This section (as with the rest of the book) is illustrated in detail, and all but a couple of the manoeuvres shown can be easily followed. The training manual also demonstrates how submission fighting systems need to constantly develop, with Shamrock readily admitting that he has made mistakes in fights, pointing to the need to learn from his errors. The UFC I loss to Royce Gracie is one such case, with Shamrock later adjusting his fighting methods to account for opponents wearing a gi. Of course, looking back 18 years later, it’s clear how much the MMA game has changed in the meantime.

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Read on Kindle (Amazon.co.uk)

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Pro Wrestling: A Comprehensive Wrestling Guide by Lew Freeman

It’s unfair to review a book having only read the free Kindle sample. But then it’s also unfair to produce something this bad and charge $94 for it.

You’ll often see academic books with ludicrous prices such as this, mainly because nobody is buying them with their own cash. You’ll often see wrestling books with as many factual errors, though admittedly usually in eBook-only titles that cost a dollar or two. But you’ll rarely see the two combined in this manner.

It starts out reasonably enough with a very simplified history of wrestling in America, albeit with a slightly odd jump from Evan Lewis, the original ‘Strangler’ of the late 19th, to the post-war territorial era. But within a few pages it goes to pot and the flurry of often-baffling errors begins.

We learn that shortly after 1983, Vince McMahon signed a deal to have wrestling shown five nights a week on TNT. We learn how the 1980s begin with the WWF overwhelming WCW and ECW.  We learn that Andre the Giant’s run as Giant Machine was a failed attempt to fool the fans. We learn how ECW was originally East Coast Wrestling.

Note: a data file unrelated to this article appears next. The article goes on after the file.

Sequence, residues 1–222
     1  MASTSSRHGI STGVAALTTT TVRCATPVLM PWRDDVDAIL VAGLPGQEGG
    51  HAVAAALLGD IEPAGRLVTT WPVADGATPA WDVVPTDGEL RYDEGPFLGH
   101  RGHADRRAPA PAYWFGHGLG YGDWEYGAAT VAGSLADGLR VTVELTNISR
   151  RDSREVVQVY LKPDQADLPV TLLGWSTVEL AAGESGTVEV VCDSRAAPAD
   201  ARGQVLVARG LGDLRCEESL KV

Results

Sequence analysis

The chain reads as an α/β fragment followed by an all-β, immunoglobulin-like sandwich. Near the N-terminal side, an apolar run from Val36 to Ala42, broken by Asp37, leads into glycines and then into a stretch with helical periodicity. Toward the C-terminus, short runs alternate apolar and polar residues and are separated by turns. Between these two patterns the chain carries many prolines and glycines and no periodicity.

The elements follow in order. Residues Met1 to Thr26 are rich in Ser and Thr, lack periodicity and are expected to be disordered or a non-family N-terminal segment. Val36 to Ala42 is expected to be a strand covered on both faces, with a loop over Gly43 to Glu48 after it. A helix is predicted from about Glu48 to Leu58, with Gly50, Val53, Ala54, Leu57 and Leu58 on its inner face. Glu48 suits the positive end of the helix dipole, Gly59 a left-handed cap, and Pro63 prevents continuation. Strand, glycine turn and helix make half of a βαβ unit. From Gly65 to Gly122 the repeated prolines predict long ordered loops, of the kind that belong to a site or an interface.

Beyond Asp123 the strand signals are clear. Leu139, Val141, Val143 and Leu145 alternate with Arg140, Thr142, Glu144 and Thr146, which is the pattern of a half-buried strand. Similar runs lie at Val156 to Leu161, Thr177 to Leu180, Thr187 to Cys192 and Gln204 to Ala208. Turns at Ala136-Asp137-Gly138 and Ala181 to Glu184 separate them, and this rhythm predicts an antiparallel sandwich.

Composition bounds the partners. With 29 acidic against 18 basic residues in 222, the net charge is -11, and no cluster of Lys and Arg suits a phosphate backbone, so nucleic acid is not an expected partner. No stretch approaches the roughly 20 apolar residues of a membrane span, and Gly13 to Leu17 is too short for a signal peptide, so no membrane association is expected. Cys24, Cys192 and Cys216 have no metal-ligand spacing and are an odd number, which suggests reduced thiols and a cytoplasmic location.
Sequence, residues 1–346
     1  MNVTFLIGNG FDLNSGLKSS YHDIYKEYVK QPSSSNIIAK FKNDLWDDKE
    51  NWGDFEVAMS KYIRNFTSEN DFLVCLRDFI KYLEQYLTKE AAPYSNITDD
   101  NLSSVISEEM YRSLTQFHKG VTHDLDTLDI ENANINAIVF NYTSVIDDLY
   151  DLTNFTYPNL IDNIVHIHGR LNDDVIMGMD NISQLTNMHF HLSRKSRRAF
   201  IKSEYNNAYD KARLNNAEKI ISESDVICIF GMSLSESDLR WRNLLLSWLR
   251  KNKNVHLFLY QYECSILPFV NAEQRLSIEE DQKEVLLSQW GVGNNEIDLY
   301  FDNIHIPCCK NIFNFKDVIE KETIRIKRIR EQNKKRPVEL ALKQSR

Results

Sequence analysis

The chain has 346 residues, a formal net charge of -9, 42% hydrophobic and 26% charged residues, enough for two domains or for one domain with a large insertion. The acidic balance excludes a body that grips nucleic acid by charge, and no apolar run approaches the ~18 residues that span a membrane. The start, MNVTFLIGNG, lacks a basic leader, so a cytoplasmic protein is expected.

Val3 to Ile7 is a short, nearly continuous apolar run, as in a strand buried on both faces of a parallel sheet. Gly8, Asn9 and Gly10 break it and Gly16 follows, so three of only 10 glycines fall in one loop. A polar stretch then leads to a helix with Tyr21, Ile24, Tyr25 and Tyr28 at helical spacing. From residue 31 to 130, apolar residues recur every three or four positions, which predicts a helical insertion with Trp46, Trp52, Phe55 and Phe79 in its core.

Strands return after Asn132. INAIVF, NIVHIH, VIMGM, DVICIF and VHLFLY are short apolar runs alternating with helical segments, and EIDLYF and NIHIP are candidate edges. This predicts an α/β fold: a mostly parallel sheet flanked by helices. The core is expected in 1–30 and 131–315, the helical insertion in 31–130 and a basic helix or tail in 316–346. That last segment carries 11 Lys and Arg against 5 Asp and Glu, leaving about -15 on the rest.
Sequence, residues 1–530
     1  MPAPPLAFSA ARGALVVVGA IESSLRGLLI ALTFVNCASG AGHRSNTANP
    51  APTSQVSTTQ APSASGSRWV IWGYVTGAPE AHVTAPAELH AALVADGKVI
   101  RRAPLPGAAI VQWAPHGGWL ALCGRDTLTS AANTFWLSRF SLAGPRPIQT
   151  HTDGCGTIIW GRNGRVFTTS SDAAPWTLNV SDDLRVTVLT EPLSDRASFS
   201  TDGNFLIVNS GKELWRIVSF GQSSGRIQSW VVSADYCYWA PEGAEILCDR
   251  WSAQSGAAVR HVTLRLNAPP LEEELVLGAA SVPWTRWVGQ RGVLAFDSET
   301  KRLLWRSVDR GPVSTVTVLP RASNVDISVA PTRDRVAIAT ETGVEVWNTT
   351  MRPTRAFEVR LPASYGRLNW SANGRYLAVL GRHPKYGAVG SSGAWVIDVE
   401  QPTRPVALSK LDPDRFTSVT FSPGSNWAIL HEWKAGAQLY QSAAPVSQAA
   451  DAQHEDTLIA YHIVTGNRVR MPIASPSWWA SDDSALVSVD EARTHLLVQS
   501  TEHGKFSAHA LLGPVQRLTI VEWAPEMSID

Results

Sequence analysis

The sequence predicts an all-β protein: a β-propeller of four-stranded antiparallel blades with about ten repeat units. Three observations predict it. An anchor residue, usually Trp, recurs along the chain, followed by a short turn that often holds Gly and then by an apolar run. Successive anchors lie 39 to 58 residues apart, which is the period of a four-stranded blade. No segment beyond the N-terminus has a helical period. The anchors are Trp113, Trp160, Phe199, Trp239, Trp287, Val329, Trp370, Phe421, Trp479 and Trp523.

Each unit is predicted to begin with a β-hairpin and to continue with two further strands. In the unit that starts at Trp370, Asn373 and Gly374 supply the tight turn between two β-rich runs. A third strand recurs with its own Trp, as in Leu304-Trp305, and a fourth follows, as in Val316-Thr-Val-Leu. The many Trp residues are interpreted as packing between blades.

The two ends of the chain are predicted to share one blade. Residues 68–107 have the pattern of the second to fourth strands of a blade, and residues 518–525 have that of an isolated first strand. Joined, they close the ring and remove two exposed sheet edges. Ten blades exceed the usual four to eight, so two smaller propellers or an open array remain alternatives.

It’s just a shame we don’t learn how this book got made or why it costs so much. But the fact that author Lew Freedman has more than 120 books listed on Amazon might be a clue.

Read on Kindle (Amazon.co.uk)

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Death of the Territories by Tim Hornbaker

After previous books exploring the history of the NWA and wrestling in the New York region, Tim Hornbaker covers the collision between the two. Death of the Territories covers the period between Vincent Kennedy McMahon taking control of the World Wrestling Federation in 1982 and the sale of Jim Crockett Promotions to Ted Turner in 1988.

At times, the book offers fascinating insights, either revealing incidents through Hornbaker’s characteristic research skills, or highlighting seemingly small nuggets of information that prove significant with hindsight. Unfortunately the book doesn’t keep up this momentum and instead loses focus.

While the basics of McMahon breaching traditional territorial boundaries and being first in an inevitable race as cable TV exposed stars nationwide are well known, Death of the Territories certainly covers angles usually left out of the story. For example, accounts often point to the way Georgia’s TBS going nationwide as the original ‘Superstation’ meant its stars had fans beyond its territorial border, but Hornbaker highlights that the New York-based WOR station – which carried McMahon’s flagship show – also went across the country as cable and satellite television grew.

Similarly the story of Georgia Championship Wrestling promoting in Ohio as an early expansion comes with some additional detail and context. There’s a great story about the promotion booking a disputed finish and openly inviting letters of protest simply as a market research exercise to find out where viewers lived. Hornbaker also notes how the surprising level of interest in Columbus, Ohio wasn’t so much that it was an inherently wrestling-friendly city, rather than structural issues meant it had a disproportionately high level of homes with cable television.

Indeed, perhaps the biggest strength of the book is how it stresses that McMahon was by no means the only promoter who tried to compete on a national scale – simply the one who did it most effectively.